Several major payer groups and Medicaid advocates are pressing Congress for a 120-day heads up when the COVID-19 public health emergency ends, arguing they need as much time as possible to make Medicaid enrollees aware they could lose coverage.
A collection of payer and Medicaid state advocacy groups wrote to congressional leadership on Thursday asking for the greater lead time. The letter comes as providers and other stakeholders are preparing for an end to key flexibilities granted back in January 2020.
States and payers are facing the daunting task of redetermining the eligibility of Medicaid enrollees. The PHE prevented states from dropping any enrollees off Medicaid rolls for the duration of the emergency. States will have a year after the PHE ends to fully redetermine eligibility.
But states, plans and providers need sufficient lead time to process millions of eligibility redeterminations, the groups said.
If enough time isn’t provided, then “millions of individuals who otherwise remain eligible for Medicaid become uninsured,” according to the letter.
Insurance lobbying group AHIP signed on to the letter as well as Medicaid Health Plans of American and National Association of Medicaid Directors.
Other advocacy groups such as the National Association of Community Health Centers and Association for Community Affiliated Plans signed on.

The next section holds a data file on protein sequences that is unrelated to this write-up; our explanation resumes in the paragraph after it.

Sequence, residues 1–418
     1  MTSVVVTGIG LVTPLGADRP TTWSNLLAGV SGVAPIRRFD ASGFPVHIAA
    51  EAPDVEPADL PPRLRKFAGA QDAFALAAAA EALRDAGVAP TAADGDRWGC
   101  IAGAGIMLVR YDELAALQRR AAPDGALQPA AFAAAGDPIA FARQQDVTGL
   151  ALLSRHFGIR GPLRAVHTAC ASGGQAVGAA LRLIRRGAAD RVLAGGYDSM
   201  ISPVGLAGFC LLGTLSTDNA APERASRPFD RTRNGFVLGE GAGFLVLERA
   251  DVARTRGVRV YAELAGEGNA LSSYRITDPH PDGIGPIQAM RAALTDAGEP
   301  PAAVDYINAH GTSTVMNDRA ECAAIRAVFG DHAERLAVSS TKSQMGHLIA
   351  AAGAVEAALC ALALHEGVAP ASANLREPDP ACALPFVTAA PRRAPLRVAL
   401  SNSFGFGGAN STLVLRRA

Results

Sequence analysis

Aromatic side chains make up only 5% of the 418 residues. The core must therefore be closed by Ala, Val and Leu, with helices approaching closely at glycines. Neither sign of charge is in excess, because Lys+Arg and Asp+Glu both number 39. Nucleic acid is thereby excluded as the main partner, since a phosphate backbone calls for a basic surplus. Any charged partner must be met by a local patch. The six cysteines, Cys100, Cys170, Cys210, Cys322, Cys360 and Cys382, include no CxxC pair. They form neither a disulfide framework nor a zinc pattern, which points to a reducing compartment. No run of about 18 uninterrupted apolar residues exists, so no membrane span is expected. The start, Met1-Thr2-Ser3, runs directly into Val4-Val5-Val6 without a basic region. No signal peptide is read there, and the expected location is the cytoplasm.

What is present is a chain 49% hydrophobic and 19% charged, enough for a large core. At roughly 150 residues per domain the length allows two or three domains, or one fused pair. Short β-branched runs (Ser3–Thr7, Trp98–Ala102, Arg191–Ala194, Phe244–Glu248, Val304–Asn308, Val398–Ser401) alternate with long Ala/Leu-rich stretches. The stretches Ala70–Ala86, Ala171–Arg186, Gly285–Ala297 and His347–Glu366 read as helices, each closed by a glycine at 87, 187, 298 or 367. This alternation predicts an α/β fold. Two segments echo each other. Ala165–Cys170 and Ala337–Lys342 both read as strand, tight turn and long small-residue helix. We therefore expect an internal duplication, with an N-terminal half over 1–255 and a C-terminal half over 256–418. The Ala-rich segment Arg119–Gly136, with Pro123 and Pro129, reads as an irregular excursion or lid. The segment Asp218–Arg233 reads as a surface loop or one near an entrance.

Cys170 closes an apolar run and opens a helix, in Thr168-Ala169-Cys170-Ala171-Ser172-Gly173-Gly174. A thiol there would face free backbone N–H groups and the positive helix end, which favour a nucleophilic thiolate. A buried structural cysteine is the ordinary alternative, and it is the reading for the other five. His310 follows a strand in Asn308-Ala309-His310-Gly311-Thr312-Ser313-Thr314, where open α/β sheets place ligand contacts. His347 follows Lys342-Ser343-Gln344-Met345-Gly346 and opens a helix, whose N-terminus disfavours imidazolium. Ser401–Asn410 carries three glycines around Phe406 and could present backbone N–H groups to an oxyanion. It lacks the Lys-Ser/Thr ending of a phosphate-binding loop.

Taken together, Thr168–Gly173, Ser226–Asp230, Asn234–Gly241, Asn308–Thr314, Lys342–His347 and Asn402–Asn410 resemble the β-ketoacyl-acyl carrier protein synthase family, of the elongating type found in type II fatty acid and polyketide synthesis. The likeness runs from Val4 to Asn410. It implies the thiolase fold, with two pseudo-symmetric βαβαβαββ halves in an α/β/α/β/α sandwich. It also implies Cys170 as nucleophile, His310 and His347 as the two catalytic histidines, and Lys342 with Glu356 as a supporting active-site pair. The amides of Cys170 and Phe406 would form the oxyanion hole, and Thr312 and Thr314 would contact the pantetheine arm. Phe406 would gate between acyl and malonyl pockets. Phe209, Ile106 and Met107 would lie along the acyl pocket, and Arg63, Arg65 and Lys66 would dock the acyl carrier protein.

State Medicaid officials and payers have been bracing for months on how to handle the coming wave of redeterminations. Centers for Medicare and Medicaid Services Administrator Chiquita Brooks-LaSure said back in September 2021 that the center is working to help ensure that people who drop off Medicaid can get coverage on the Affordable Care Act’s insurance exchanges.
How the redeterminations are handled could also affect coverage for millions of people. A study from the Urban Institute last year estimated that 15 million people could lose Medicaid insurance coverage after the end of the PHE. The think tank said states should be working hard to reach out to affected beneficiaries about other coverage options.
The current PHE ends in April and can be extended for another 90 days.
Former acting Department of Health and Human Services Secretary Eric Hargan had promised stakeholders a 60-day notice of when the PHE would end.
Some hospital groups have wanted the PHE to be extended again as facilities are still struggling financially due to the latest surge of COVID-19. House Republicans, on the other hand, pressed HHS Secretary Xavier Becerra to end the period and to give a glide path for an easy transition.